“Bringing justice where fraud has occurred is a very important component to bringing back a culture of trust on which financial markets operate, and that’s why the Larry Langford trial is important,” says Robert Brooks, an economist at the University of Alabama in Tuscaloosa. “If you find transactions being done [by elected officials] with an effort to be opaque ... there’s good reason to wonder why.”
Justice Department investigations
The US Justice Department is investigating half a dozen former Wall Street investment bankers and scouring municipal bond deals from Florida to California, looking for more instances where taxpayers were essentially swindled by secretive gambling on the $2.8 trillion municipal bond market.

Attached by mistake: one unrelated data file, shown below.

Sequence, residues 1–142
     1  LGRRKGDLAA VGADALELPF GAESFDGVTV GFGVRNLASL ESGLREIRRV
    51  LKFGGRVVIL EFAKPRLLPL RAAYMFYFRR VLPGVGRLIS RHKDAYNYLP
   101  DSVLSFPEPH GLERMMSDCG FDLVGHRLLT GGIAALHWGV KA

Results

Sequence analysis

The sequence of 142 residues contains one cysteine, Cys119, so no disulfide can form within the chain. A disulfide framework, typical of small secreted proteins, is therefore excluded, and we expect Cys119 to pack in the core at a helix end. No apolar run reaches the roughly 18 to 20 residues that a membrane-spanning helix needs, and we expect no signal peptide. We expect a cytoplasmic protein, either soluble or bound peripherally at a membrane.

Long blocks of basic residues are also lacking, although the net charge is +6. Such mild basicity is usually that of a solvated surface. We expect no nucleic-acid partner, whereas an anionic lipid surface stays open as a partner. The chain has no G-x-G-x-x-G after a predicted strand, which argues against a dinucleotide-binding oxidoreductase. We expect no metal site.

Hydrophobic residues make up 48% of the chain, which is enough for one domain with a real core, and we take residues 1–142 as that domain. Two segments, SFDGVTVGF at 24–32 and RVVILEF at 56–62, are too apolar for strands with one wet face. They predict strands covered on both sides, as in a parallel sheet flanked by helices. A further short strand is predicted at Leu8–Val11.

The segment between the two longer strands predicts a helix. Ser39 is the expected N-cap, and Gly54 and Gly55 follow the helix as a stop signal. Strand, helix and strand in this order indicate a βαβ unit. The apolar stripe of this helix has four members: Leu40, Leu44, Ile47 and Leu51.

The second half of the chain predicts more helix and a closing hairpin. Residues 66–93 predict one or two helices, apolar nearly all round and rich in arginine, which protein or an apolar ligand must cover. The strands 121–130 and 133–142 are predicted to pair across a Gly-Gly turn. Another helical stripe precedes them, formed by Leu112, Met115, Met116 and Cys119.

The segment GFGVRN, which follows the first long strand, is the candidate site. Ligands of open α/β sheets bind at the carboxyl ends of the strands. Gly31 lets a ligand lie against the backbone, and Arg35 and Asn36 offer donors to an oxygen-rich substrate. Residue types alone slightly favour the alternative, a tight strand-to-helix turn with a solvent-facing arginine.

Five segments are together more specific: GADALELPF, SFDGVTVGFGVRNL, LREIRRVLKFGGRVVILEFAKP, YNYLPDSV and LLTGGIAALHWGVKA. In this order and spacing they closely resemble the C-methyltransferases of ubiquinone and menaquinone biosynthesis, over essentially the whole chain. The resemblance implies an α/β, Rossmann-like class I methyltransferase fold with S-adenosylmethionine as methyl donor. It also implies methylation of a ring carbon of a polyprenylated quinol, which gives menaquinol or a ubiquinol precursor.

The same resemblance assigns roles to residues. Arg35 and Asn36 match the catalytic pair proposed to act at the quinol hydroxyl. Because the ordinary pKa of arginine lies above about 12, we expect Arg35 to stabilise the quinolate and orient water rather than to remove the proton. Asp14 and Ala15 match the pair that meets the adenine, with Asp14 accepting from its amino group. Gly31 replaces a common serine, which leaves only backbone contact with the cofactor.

In the Langford case, “You basically had local officials setting terms, and the banks didn’t have a problem with that,” says Joe Adams, research coordinator at the Public Affairs Research Council of Alabama.
Langford’s alleged scheme involved a new fleet of financial instruments that hundreds of other cities and counties across the US have also utilized.